The first was signing up to non-alignment. “The non-aligned movement was quite strong in those days as a third pole between the US and the USSR and the strong ties between Mauritian and Indian governments influenced Mauritius,” says Makhan. Port-Louis toed the non-aligned line on a number of international issues, such as Vietnam, Cambodia and Korea. Within the Indian Ocean, Mauritius formally subscribed to the ‘Zone of Peace’ idea pushed by New Delhi under which Port-Louis opposed foreign military bases of major powers such as the US, USSR and France, but not of India as a littoral state. The point, for New Delhi, was to push Mauritius to oppose the expansion of the US military base on Diego Garcia. Although India had welcomed US regional involvement in its 1962 war with China, by 1971 this had soured after the US backed Pakistan against India in the Bangladesh war. “Relations between India and the US were at their lowest. But Mauritius could not afford to push too hard on Diego Garcia because things were difficult economically and we depended a lot on the Commonwealth and Europe for our sugar. So, we had to live with that and could not take the lead in challenging the UK and Europe,” says Meetarbhan. What followed was a balancing act where Mauritius would voice out its support for the zone of peace, but do little practically.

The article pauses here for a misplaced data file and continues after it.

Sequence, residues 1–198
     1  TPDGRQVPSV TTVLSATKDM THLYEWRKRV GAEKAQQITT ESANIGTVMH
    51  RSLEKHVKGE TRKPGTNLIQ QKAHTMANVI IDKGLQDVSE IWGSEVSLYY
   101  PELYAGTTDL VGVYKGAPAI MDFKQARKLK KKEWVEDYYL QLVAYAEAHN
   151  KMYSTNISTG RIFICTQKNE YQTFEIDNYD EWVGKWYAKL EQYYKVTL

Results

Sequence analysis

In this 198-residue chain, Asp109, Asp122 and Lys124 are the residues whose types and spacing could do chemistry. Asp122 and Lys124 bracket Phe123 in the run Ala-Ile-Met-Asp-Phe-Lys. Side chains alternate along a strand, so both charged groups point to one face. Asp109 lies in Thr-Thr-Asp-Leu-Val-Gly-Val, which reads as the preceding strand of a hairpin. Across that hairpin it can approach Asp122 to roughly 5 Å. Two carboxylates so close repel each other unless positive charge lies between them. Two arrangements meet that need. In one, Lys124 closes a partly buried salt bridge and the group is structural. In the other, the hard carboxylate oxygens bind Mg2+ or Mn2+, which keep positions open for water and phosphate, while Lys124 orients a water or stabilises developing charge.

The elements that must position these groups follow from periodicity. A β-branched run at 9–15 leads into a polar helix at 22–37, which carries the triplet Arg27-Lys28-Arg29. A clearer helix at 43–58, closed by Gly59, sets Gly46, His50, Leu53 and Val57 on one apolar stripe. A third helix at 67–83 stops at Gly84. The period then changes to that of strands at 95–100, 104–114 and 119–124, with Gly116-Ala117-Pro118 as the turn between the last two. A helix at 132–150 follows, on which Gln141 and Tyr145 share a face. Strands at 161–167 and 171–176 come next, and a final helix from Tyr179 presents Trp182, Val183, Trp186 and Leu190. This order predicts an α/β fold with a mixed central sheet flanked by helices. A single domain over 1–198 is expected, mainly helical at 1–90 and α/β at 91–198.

The growing closeness between the two states translated into them figuring in each other’s politics in strange ways: in June 1975, PMSD leader Gaëtan Duval announced that the Soviets had got the Labour Party to sign a secret agreement in New Delhi that would see an electoral alliance with the MMM in the 1976 elections. Following a visit by Indira Gandhi to Mauritius with Sanjay Gandhi in tow, in a public meeting in December 1976, where Duval brought Azor Adelaide’s brother on stage, he argued that the MMM was being financed by East Germany and Labour by the Indians. In return, the PMSD was accused of being financed by South Africa and France. 

Since 1983, Mauritius has hired Indians as National Security Advisors starting with J. N. Tamini who stayed on for nearly a decade.